President Joe Biden's pleas for states to stick with mask mandates to slow the spread of the coronavirus were being largely ignored Tuesday as several Republican governors stayed on track to drop the requirement in their states.
Biden and the director of the Centers for Disease Control and Prevention said a day earlier that this is no time to relax safety measures.
In a call with governors on Tuesday, CDC Director Rochelle Walensky buttressed that message by citing "concerning" national trends: The seven-day average of 61,000 new COVID-19 cases per day is up 13%, and the seven-day average of deaths is up 6%.
But Arkansas Gov. Asa Hutchison announced Tuesday he is dropping the state's mask mandate immediately, a day earlier than previously announced.
"We made our decision in Arkansas based upon the criteria we set," said the Republican, who last month set targets for test positivity and hospitalizations in order for the state's requirement to expire. "This is a goal we had. We achieved that, so we stuck with the principle that was outlined."
The number of new reported cases in Arkansas was 79 on Monday, according to the CDC, part of a downward trend.
On the other end of the spectrum, Michigan has seen a steep rise in cases. That prompted Democratic Michigan Gov. Gretchen Whitmer to ask whether the White House has considered surging additional vaccines to states with rapidly increasing infection rates.
Jeffrey Zeints, the White House coronavirus response coordinator, replied that officials are "thinking through how to address hot spots." He promised to do everything to support Michigan in its "difficult situation."
Staying the course is a "tough message" to communicate, White House press secretary Jen Psaki acknowledged.
"It's important for people to hear that we're still in a war with this virus, and people still need to be vigilant in order to return to normal," Psaki told reporters Tuesday.
As more vaccines are deployed — with the nation on track to deliver 200 million doses overall by Wednesday — whether to enforce the wearing of masks has become the latest partisan focal point in the battle against the virus.
Alabama Gov. Kay Ivey intends for her state's mask mandate to end on April 9 as planned, though she urged people to wear masks as a matter of personal responsibility.
"We have made progress, and we are moving towards personal responsibility and common sense, not endless government mandates," said Gina Maiola, Ivey's spokeswoman.
The Republican-controlled Arizona Senate voted Monday to rescind its mandatory mask policy, and the House speaker made the same move on his own authority.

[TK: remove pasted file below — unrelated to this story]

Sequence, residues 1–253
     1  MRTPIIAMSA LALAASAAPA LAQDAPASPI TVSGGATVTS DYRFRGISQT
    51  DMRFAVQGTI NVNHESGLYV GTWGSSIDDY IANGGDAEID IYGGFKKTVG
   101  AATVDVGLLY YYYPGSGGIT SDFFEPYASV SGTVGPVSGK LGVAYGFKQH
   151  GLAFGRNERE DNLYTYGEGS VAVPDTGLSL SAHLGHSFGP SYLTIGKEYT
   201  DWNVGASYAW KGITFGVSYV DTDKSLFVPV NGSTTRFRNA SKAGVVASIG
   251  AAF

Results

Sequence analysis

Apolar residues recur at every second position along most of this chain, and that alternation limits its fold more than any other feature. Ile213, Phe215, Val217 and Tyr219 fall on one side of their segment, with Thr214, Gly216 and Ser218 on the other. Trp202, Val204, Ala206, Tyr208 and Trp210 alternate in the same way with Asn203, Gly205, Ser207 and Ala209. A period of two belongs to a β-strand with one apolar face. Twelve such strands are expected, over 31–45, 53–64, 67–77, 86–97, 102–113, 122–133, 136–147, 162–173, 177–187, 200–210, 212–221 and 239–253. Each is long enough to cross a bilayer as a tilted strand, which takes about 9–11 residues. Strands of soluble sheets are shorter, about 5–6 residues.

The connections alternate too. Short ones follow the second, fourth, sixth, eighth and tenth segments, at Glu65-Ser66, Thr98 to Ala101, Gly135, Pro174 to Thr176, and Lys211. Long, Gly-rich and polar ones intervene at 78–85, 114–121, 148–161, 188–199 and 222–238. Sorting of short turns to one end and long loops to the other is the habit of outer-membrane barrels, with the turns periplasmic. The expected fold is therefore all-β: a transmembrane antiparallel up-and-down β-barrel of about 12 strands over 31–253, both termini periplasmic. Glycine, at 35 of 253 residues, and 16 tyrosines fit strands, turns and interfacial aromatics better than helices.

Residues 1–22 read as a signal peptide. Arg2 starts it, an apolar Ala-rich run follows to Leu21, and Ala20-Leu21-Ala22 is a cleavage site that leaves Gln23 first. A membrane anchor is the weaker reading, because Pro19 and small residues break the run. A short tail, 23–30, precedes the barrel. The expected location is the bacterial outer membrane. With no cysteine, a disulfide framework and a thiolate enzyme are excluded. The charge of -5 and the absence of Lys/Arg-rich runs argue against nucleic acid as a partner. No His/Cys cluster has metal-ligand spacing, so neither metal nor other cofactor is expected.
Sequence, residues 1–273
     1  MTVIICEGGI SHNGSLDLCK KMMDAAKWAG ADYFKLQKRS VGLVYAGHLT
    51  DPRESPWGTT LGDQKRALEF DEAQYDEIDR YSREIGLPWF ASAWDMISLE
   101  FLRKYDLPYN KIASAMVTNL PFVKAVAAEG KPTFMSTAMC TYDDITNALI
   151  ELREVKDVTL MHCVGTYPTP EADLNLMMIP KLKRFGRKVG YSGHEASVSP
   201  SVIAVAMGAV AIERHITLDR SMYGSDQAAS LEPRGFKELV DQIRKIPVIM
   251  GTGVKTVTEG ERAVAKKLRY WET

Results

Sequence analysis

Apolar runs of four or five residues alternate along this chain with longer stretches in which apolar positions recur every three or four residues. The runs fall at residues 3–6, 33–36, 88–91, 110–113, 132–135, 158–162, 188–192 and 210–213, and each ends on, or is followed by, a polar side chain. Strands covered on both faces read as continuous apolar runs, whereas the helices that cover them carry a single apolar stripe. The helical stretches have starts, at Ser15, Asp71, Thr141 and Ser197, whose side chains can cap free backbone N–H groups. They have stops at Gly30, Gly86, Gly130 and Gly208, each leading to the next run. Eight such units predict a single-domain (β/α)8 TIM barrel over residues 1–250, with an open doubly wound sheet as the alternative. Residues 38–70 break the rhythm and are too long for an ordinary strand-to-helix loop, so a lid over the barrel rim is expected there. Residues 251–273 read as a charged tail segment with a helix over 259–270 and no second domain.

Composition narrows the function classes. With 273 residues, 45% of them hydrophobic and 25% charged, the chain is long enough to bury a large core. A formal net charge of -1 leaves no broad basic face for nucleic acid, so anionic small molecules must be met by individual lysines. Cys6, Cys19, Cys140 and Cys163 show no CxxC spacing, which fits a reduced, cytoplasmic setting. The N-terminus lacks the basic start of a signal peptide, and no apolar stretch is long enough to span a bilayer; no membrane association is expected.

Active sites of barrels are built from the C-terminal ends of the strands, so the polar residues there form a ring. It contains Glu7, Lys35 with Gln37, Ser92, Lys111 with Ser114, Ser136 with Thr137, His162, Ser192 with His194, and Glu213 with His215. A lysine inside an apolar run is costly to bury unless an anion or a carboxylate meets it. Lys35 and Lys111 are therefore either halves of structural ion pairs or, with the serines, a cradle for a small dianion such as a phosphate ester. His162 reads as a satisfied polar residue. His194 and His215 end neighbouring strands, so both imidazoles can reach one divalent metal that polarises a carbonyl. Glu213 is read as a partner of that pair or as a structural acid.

That action comes on the heels of Arizona Gov. Doug Ducey's move last week to lift remaining restrictions to curb the virus. The Republican's executive order allows businesses to enforce mask mandates and distancing requirements if they want, but cities, towns and counties must lift theirs.
Kentucky Gov. Andy Beshear, a Democrat, said he would appeal to his GOP counterpart in neighboring Indiana, Gov. Eric Holcomb, to reconsider dropping the state's mask mandate.
"My hope is he hears the president's call," Beshear said.
Oregon has one of the country's strictest mask requirements. Even high school athletes must wear them while running races.
Competitors in a race in Eugene, famed as a running mecca, have had to wear masks because the state has mandated masks be worn during all practices and competitions for high school sports, the local Register Guard newspaper reported.
A handful of coaches from across the state petitioned Democratic Gov. Kate Brown and the Oregon Health Authority last month to make cross country exempt from the mask mandate. The appeal was denied.
"I've told my team to run at an effort that allows you to keep your mask on," Sheldon High School coach Ian Dobson said. "The rules are the rules. It's a horrible message to send if we say don't follow the rules.
"The other side to that — I think it's a stupid rule."
Scott Gottlieb, a former Food and Drug Administration commissioner under former President Donald Trump, said a surge of cases hitting Europe does not mean that a similar spike in infections will also happen in the U.S.
"Everything that happened in Europe eventually happened here. Now I think the tables have turned. We're ahead of Europe," Gottlieb told CNBC, citing higher immunity in the United States due to vaccinations and previous infections. He is a board member of Pfizer, which makes a COVID-19 vaccine.
Spain on Tuesday changed its mask-wearing policy to make them mandatory in all outdoor activities, including during exercise, in swimming polls or on beaches. Masks were already mandatory in all public spaces, including outdoors, when people could not maintain a distance of at least 5 feet (1.5 meters) between them.